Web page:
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Fubo is launching a streaming service for sports fans that will include NFL and NBA games

$35 a month, to start.

Baltimore Ravens v New England Patriots Rob Carr / Getty
Peter Kafka covers media and technology, and their intersection, at Vox. Many of his stories can be found in his Kafka on Media newsletter, and he also hosts the Recode Media podcast.

Want to buy pay TV on the web? Used to be impossible, but now it’s easy.

Want to buy a pay TV service that’s focused on live sports? Now you can do that, too: FuboTV, a startup that launched with a focus on streaming soccer games, is rolling out a subscription service that includes a range of live sports, including pro football, basketball and baseball games.

Fubo, which has already signed up close to 100,000 subscribers for a $10-a-month service, says a beta version of its new service will launch in the next few weeks, at a starting price of $35 a month. That price will likely creep up above $40 a month, according to people familiar with the company.

It will give customers access to a range of sports channels, including national and regional channels run by Fox and NBCUniversal, as well as Fox and NBC’s broadcast networks, which have big-ticket sports events. It also features pro basketball’s NBA TV channel, as well as a modest selection of general interest programming including A&E, Bravo and the Weather Channel.

This won’t satisfy every craving a sports fan has: Notable omissions, for now, are Disney’s ESPN, which dominates the live sports market, as well as Time Warner’s Turner, which has rights to some pro basketball and baseball games, as well as the March Madness college basketball tournament. The package is also missing CBS, which has a significant chunk of NFL games and other pro sports.

It’s still an ambitious effort for a two-year-old company, which to date has raised around $20 million. It’s going up against online TV packages sponsored by companies with very deep pockets — Dish Network has Sling, AT&T has DirecTV Now, and Sony has Vue — with more to come — next year Hulu, owned by Disney, Fox and NBC will launch a live TV service, and Google is in talks to do the same.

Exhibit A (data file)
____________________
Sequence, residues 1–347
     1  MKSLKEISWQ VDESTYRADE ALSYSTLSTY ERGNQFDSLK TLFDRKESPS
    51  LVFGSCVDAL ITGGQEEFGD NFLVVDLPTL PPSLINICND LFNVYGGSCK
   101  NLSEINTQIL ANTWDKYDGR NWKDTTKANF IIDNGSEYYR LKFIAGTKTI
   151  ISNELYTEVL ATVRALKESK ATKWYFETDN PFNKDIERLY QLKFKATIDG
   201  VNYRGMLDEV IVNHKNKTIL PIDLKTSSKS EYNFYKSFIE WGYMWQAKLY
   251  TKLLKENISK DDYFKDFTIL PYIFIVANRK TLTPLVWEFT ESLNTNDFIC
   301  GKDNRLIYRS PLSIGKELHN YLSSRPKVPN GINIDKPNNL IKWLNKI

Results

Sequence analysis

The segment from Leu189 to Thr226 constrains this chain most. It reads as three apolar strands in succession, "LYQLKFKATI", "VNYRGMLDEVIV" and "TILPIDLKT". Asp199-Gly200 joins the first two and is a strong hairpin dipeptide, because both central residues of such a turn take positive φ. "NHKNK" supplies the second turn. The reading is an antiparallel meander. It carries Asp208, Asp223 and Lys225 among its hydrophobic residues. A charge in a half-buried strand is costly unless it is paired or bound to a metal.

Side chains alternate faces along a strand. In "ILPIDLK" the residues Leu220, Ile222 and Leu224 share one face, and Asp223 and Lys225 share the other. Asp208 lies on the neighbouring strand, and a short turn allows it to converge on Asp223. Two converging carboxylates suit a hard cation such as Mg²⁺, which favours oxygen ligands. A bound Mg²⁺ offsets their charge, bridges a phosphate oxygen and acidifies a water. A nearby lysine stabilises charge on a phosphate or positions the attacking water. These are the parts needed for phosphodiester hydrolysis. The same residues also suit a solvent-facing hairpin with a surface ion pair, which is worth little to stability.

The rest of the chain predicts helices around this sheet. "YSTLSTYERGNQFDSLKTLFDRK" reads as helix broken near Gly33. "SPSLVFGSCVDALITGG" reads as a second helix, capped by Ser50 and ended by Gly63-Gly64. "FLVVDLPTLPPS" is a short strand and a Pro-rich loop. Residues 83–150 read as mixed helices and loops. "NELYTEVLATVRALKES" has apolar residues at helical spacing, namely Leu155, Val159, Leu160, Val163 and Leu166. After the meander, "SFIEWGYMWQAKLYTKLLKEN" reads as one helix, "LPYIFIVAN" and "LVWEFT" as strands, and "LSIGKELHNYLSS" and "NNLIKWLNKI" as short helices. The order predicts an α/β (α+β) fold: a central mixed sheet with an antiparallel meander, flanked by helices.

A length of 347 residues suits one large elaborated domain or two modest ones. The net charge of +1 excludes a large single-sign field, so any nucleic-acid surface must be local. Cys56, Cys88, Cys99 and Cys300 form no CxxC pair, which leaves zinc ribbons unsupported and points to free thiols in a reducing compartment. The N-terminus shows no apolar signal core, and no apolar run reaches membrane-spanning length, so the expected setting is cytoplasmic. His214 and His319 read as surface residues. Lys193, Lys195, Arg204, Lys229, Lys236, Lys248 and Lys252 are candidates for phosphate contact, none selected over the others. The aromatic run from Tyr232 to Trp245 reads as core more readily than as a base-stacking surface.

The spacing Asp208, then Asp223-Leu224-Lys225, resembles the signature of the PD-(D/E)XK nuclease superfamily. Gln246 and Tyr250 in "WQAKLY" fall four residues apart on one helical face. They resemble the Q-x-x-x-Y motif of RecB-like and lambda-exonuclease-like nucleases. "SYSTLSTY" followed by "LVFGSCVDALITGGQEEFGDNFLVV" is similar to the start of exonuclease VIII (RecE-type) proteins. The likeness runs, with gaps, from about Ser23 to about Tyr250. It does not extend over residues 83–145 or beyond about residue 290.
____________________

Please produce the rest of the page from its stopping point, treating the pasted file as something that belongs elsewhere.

Fubo does have some help from a big player: 21st Century Fox and its Sky, its corporate cousin, each chipped in $6 million earlier this year.

Still, the fact that a small company can get into this market shows you just how quickly the TV landscape has changed: A couple of years ago, it was literally impossible to buy a live, digital-only TV service; now you can pick and choose the kind of package you want.

It’s also worth noting that some things about the market haven’t changed: TV programmers still want people to buy a bundle of their networks, instead of picking and choosing individual channels.

NBCUniversal, for instance, isn’t just letting Fubo pick up its broadcast network and its sports channels -- it’s also requiring the service to carry all of its cable networks, which explains why Fubo subscribers will be getting odd channels like Oxygen. Same goes for Fox, whose bundle includes oddities like the Fox Business Channel.

* NBCUniversal is a minority investor in Vox Media, which owns this site.

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